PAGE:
Durians sold in Chinatown, Victoria.

But slowly, as more of the miners sent back money to bring their families over, the enclave began to shape up. Soon the Chinese took up six city blocks along Herald Street, Fisgard Street and Cormorant Street. Pandora Street is also full of Chinese-owned shops.

Today, the Chinatown of Victoria is a thriving business area with cultural and entertainment venues. Schools, churches, temples and even a hospital have been built by the Chinese population.

The Chinatown is located on major tourist bus routes and fairly near the Empress Hotel and Market Square.

The alleyways, courtyards, restaurants and theatres and some gambling dens continue to attract tourists, domestic visitors and residents.

Many locals do their shopping in the area where prices are very affordable. Asian souvenir shops and restaurants are very popular here. There are so many shops to see and so many exotic foods to savour as well.

In the 1960s, the Gate of Harmonious Interest was built by all interested parties to help revitalise Chinatown. The future looks very promising with more and more high-rises coming up to change the skyline and lifestyle of Victoria.

Fan Tan Alley is part of the Chinatown in the capital. It is the narrowest street in Canada and a side door to the country’s oldest Chinatown.

The Alley, perhaps like Change Alley of Singapore, comprises more than a dozen locally owned shops, offer exciting shopping experiences.

There are organic treats and different kinds of teas. Some of the vintage shops give fantastic offers such as lovely jewelry items, among others. If only we weren’t on a cruise!

There is also a Tam Kung Buddhist Temple in British Columbia. It’s the oldest Buddhist Temple in Canada. Visitors are welcome most days and they can make donations for good health and upkeep of the shrine there.

The Inner Harbour.

The Bay Centre

The all-grain biscuit at the English café served us well into the afternoon. And our stomachs did not grumble as we walked along more roads in the cool weather. We were heading back to the ship for high tea.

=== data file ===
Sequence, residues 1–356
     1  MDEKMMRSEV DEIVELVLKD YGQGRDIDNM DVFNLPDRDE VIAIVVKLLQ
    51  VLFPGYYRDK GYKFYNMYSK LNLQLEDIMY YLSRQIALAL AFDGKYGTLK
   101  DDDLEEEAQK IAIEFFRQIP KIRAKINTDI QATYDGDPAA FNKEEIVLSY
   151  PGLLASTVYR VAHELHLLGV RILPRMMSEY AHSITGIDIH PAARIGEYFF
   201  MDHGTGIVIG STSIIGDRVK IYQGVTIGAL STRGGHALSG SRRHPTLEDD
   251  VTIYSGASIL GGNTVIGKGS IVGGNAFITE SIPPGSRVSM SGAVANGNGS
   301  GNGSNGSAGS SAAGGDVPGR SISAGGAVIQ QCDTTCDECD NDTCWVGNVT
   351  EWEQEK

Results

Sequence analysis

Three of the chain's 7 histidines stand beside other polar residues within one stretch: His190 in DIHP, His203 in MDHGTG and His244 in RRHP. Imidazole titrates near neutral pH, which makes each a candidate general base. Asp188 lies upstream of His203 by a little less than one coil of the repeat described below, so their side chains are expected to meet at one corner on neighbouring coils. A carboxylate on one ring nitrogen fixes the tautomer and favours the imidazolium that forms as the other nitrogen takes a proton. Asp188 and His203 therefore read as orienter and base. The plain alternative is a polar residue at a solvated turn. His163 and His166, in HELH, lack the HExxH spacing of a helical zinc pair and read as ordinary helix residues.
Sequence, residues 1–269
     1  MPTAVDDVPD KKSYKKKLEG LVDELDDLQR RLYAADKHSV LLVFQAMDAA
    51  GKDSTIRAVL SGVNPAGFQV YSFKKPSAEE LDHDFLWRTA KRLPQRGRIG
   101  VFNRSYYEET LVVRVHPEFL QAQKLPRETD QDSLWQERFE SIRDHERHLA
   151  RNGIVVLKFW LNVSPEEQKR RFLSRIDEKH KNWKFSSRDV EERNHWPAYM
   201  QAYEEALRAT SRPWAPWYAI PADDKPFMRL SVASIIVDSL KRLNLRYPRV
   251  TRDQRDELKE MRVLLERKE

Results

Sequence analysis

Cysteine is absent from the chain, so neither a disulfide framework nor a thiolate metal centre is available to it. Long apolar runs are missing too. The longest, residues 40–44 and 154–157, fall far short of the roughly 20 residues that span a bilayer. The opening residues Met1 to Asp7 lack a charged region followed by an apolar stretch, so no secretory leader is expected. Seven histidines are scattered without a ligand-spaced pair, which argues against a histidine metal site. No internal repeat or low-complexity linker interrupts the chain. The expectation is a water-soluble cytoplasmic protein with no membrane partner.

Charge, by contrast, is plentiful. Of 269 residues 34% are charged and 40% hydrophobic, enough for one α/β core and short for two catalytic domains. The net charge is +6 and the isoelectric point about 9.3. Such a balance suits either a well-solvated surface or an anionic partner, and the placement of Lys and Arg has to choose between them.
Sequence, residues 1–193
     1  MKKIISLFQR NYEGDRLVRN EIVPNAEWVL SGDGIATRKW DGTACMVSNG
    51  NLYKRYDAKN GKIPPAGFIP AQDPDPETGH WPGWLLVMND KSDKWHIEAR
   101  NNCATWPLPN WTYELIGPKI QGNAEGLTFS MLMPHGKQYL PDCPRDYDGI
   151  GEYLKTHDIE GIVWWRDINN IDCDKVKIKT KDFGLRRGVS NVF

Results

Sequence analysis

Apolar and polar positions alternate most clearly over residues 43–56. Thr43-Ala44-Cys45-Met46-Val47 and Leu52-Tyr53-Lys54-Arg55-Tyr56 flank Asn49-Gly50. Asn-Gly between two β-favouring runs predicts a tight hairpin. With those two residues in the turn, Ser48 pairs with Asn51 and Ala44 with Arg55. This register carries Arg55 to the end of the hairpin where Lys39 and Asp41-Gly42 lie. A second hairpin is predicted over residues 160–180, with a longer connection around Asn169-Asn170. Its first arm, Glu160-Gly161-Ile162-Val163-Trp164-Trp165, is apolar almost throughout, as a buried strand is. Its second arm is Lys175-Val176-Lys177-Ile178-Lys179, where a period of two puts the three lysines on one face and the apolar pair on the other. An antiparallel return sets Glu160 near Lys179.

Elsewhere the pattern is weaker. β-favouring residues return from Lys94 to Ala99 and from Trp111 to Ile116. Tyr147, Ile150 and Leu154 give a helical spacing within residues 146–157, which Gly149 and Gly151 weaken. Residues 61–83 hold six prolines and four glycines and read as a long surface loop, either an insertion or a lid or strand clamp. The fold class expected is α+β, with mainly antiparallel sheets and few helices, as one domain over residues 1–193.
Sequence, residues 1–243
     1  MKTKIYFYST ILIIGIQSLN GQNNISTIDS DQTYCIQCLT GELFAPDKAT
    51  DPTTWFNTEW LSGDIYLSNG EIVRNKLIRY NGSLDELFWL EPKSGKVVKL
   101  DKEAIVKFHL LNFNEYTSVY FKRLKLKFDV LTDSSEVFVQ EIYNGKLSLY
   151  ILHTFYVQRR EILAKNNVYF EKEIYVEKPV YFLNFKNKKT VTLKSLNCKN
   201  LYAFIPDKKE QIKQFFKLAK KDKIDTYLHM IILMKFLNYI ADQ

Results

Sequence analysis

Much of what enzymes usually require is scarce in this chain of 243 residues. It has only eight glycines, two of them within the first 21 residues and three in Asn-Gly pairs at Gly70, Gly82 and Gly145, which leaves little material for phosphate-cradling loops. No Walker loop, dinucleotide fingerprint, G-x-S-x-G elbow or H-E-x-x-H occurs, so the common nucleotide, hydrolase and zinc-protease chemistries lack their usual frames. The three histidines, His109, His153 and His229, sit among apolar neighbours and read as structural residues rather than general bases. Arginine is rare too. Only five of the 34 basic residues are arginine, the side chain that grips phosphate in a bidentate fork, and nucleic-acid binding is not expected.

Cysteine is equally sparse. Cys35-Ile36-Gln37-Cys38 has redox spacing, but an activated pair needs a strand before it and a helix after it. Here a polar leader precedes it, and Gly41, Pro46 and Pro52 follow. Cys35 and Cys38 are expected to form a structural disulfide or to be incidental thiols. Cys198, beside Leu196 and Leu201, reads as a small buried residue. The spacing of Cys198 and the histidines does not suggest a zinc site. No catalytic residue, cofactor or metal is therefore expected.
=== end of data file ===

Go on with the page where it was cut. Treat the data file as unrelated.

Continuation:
We spent an hour or two looking at all the beautiful items at the Bay Centre, operated by the Hudson Bay Company which, perhaps, is one of the few in the world to claim fame to having established or founded a city.

Roberta’s Hat shop.

When the Company came to Vancouver Island, it decided to set up a fort named Fort Victoria which went on to become the city it is today.

It started with only 50 residents. At about that time, gold was discovered on Fraser River — and nothing would be the same again.

One July morning, some 2,800 people arrived from San Francisco in the wake of the gold rush, sparking the Company’s retail business.

Warehouses were built and before long, everything fell into place. The Bay Centre, completed in 2003 on the Company’s 333rd anniversary, is a magnificent building.

Its 1921 store, a little further away from the city centre, is listed as a heritage building.

In a way, Victoria reminds one of Sibu. It was founded on the southern tip of Vancouver island, off Canada’s Pacific coast.

The city is not big with a population of less than 90,000 while the metropolitan area of Great Victoria has a population of about 400,000.

The Hudson’s Bay Company.

It’s only 60 miles from Vancouver and Seattle and named after Queen Victoria of the United Kingdom. It’s a major tourism destination with over 3.5 million overnight visitors per year, injecting more than a billion dollars to the local economy.

An additional 500,000 day-time visitors arrive via cruise ships which dock at Ogden Point, near the Inner Harbour.


First nations

Our final shopping was done at Cowichan Trading Company store, only a few minutes from the Inner Harbour.

It is a store that sells moccasins, slippers, First Nations Art, hand-crafted jewelry and Canadian designed native souvenirs. It is also a store that kindred spirits would like to potter around for hours.

The peoples of region’s Coast Salish First Nations established communities in the area long before non-native settlements, possibly several thousand years earlier, which had large populations at the time of European exploration.

Many shops like Cowichan carry very significant amount of souvenirs, made by the First Nations community.

All too soon, we had to board the waiting bus near the Bay Centre. Alas, our short but memorable tour of Victoria city had come to an end.

It was a serene day, just the kind I would like to have in Canada, enjoying the smells, sights and the spiritually uplifting sounds of the sea, the calls of seagulls and songs of other birds in the woods.